The first thing I saw when I woke up yesterday morning and picked up my phone was that I had an email from a producer for BBC World News. He wanted to know if I would do a pre-recorded Skype session, as a Marlins fan and editor here, "paying tribute" to José Fernàndez. Confused and still brain-fogged, I noticed more notifications. I read through a couple texts and skipped the rest: Something unfathomable had happened. I hopped out of bed, poorly assuaging my wife that everything was fine and raced to turn on the TV. I checked twitter sources for confirmation while I waited for SportsCenter to come back on: The first couple were not good enough, but then, Clark Spencer and Ken Rosenthal had both confirmed. A somber round table of panelists appeared upon my TV screen.
It was true. José Fernàndez had died.
Now, after having sifted through countless tweets, articles and videos, working at my day job and simultaneously engaging in the conversation with the Fish Stripes staff about what to write, what was appropriate, what was not, editing articles, and finally, simply sitting in front of my computer crying at the dining room table next to my wife, we’ve arrived at day two...and it still doesn’t feel real to me.
Like I still expect to see José Fernàndez appear on the mound today.
I know, rationally, of course, that isn’t going to be the case. Human beings are interesting creatures when it comes to coping mechanisms. One of said mechanisms that I employed yesterday was diving into my work. I must confess, some moments were more successful than others.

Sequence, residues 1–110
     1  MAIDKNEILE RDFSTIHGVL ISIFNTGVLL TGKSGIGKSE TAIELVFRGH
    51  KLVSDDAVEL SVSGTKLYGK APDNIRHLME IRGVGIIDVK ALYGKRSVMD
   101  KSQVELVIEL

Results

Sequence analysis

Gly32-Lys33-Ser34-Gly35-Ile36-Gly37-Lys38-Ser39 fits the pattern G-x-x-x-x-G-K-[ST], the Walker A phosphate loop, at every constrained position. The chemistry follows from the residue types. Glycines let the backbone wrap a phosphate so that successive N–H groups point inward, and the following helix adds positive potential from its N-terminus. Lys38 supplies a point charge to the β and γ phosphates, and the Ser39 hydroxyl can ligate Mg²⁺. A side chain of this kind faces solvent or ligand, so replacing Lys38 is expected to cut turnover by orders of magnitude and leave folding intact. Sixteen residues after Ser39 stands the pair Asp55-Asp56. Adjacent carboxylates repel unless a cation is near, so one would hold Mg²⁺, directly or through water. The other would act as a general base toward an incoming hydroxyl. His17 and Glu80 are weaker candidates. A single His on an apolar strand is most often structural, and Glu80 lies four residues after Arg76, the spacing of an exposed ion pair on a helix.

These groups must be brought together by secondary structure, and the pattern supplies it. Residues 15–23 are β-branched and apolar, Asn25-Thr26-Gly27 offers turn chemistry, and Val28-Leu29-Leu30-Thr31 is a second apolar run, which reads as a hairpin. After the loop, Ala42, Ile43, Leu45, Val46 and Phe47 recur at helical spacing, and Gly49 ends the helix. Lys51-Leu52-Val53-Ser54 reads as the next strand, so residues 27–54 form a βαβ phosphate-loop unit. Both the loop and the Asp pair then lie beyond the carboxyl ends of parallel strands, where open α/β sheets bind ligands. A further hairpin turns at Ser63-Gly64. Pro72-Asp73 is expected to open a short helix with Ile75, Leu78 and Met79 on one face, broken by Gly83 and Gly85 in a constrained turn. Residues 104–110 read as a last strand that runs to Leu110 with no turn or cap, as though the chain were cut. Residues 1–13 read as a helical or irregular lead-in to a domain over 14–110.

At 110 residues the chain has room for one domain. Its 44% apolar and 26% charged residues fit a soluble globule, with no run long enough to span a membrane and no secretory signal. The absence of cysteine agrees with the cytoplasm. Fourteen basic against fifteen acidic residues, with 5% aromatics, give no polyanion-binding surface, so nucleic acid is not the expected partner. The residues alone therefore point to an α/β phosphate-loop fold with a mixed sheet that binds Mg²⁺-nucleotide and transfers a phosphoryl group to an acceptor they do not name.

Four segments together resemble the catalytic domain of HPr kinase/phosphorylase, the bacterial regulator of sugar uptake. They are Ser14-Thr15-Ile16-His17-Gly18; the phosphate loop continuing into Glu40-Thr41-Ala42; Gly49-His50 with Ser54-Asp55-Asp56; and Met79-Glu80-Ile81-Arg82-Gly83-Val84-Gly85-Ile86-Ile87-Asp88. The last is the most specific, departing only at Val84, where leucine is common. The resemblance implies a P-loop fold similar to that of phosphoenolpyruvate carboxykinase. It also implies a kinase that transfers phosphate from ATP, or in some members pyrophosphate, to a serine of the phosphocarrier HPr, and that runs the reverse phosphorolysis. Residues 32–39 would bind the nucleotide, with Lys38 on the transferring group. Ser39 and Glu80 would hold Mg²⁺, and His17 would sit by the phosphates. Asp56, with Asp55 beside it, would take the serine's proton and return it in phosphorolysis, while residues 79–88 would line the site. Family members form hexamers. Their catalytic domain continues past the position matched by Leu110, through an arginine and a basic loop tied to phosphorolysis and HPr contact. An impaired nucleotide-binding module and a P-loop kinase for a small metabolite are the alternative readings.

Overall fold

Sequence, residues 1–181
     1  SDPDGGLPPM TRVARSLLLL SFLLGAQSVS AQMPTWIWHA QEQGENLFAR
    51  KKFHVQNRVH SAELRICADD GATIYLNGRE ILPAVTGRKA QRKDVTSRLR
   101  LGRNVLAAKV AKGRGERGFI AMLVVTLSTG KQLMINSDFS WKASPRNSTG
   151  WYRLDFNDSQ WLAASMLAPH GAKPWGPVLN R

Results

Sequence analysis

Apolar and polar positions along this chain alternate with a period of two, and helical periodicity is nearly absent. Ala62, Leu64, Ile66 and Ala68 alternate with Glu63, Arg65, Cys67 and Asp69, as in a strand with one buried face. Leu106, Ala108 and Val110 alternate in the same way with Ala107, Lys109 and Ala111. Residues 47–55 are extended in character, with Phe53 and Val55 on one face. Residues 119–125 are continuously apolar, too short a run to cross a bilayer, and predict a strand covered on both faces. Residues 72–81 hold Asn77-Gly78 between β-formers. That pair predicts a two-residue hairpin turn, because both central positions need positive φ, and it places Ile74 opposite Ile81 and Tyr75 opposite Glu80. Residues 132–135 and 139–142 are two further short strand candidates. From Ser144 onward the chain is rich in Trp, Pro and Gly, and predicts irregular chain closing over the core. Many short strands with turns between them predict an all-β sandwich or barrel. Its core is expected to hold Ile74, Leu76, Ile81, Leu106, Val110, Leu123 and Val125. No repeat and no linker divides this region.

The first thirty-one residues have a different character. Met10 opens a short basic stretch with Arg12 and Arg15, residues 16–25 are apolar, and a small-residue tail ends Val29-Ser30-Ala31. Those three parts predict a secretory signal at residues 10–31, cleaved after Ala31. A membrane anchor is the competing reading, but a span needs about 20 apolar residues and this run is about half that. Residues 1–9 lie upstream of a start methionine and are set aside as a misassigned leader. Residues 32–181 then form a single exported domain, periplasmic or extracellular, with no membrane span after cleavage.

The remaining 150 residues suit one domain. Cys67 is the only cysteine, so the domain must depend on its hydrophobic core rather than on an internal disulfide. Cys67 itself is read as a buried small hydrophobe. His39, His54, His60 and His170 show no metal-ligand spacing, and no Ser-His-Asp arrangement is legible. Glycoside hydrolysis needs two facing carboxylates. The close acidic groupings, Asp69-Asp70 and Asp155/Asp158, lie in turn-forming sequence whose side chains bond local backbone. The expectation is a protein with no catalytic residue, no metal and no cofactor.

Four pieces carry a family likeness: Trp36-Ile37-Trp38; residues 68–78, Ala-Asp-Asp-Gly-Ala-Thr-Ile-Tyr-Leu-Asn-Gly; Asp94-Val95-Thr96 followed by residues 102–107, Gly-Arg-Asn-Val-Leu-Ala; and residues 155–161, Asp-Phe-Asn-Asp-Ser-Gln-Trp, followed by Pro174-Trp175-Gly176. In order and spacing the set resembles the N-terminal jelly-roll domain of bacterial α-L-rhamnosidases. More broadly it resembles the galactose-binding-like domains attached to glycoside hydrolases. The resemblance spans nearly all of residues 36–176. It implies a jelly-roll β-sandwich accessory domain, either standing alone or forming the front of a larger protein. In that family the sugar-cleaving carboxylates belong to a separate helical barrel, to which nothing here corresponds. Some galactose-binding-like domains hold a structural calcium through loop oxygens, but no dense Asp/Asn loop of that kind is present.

You’ve probably seen the comparisons by now. Fernàndez, overnight, has become this generation’s Roberto Clemente or Thurman Munson; a player whose career and life was cut tragically short before their due time. Clemente played in 17 seasons for the Pittsburgh Pirates, Munson in 10 for the New York Yankees. José would only end up playing parts of four seasons, but no one would deny him his rightful place amongst those two superstars. He may yet still win the Cy Young, after all.
What makes this so tough for everyone, even if you aren’t a Marlins fan or even a baseball fan, is that José was such a good person. He was heavily involved in Miami area charities. He was accessible for the fans. He took extra time out of his day to spend time with kids at the ballpark before Sunday home games. He saved his own mother from drowning. In an era where it is no longer common place, he handed out hugs and kisses to his teammates with affectionate ease.
Life was not easy for him growing up and José could’ve easily had a grudge against it. Instead, he wore his love for life on his sleeve and shared it with everyone he came across.
It’s almost cliche at this point to say that some light has gone out of the world, but it doesn’t make it any less true. What makes it devastating for us that are left behind is that, while we know that there were those who brought light with their lives in the past, and those yet to come who will bring light in the future, José Fernàndez was the light of our times, of our lives, and the world that we know is a lesser place with his passing.
To paraphrase Giancarlo Stanton: Rest easy, Niño.